SpeakerDr. Whitney Pirtle
Date & time
Racism is a multifaceted, interconnected, and fundamental cause of racialized health inequities. As such, racism impacts who gets sick, who dies, and who is able to live healthy. In this talk Dr. Pirtle will overview interventions of her empirical research, informed by critical race theory, that utilizes multidimensional measures of race and structural measures of racism to explore health outcomes for Black, Latinx, and other populations of color. The talk demonstrates that using theoretically informed measures of race and racism help us refine our understanding of racialized health associations and clarifies mechanisms of structural racism that shape contemporary racialized health inequities. Collectively, the discussion helps think through equitable interventions that can facilitate better health for more of us. Dr. Pirtle is the inaugural Racial Justice and Anti-Racism Collaborative Visiting Scholar.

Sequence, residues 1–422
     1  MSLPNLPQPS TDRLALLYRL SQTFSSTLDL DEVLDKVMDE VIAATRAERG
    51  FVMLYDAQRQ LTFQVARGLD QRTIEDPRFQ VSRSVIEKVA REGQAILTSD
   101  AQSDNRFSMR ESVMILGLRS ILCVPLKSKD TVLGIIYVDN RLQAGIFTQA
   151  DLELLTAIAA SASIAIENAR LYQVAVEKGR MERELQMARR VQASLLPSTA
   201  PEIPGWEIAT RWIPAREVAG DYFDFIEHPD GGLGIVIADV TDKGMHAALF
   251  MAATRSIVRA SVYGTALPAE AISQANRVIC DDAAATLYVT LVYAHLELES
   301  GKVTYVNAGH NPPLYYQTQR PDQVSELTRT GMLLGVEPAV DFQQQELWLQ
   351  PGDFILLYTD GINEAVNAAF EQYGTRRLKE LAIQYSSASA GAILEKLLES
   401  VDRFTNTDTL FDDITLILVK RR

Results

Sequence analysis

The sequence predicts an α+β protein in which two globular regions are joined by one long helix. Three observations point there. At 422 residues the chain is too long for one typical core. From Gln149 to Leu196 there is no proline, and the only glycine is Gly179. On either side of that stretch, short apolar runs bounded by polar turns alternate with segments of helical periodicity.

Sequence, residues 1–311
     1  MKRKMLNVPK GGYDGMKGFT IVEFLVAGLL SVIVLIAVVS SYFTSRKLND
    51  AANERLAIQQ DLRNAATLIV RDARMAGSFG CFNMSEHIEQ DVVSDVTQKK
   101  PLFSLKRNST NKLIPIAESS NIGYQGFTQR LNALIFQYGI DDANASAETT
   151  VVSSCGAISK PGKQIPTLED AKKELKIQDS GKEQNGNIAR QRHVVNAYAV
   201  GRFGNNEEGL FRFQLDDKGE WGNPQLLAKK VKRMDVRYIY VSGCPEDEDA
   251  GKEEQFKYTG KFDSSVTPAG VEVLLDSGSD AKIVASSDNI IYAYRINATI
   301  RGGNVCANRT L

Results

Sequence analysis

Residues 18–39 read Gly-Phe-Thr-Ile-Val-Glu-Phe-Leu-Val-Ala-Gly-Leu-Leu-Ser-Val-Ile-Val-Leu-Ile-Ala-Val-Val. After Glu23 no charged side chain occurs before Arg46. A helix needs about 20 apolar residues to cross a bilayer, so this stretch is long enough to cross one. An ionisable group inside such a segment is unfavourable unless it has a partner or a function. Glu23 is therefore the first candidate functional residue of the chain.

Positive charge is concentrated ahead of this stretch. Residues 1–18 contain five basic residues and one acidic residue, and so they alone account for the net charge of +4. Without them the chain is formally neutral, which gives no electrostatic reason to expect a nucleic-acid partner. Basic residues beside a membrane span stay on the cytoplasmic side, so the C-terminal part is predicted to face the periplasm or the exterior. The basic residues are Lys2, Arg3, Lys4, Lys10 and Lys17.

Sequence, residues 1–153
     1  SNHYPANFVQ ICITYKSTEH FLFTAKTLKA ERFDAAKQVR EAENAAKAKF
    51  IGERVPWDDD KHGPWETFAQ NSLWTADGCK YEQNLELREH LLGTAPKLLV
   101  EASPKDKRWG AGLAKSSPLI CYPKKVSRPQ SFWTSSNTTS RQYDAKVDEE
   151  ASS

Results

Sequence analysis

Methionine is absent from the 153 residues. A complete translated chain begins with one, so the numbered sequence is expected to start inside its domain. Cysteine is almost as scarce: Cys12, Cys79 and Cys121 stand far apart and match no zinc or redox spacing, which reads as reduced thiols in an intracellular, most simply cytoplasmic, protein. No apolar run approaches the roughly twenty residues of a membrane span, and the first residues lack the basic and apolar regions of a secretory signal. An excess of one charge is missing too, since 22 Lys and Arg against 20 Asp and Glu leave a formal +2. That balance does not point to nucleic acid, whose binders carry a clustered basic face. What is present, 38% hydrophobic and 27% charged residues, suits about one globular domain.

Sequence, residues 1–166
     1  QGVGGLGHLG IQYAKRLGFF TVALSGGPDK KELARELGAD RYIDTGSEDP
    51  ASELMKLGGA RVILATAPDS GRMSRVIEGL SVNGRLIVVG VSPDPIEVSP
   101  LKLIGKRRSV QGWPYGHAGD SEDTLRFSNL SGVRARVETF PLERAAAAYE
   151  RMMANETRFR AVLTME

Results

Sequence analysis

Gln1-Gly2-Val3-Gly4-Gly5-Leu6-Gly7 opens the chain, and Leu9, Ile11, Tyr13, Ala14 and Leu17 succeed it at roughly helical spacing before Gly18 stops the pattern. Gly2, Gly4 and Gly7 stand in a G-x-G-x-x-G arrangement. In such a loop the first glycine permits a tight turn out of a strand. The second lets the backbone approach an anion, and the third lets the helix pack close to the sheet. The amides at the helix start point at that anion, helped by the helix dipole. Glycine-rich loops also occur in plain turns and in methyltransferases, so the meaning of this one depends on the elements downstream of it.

About the Speaker
Dr. Whitney Pirtle is an Associate Professor of Sociology and MacArthur Foundation Chair in International Justice and Human Rights at the University of California, Merced, where she also directs the Sociology of Health and Equity (SHE) Lab. Dr. Pirtle is sociologist with interdisciplinary and subject area expertise in race and racism; health disparities and health equity; social problems and social justice; Black feminist sociology and praxis; and mixed methodologies. Recent research includes writing on Covid-19 pandemic inequities, institutional anti-Blackness, and in 2021 she co-edited Black Feminist Sociology: Perspectives and Praxis with Zakiya Luna. She is currently completing two book manuscripts, one of race in post-apartheid South Africa and the other is under contract with Polity Press tentatively titled, Black Identities: The Expansiveness of Blackness in the US.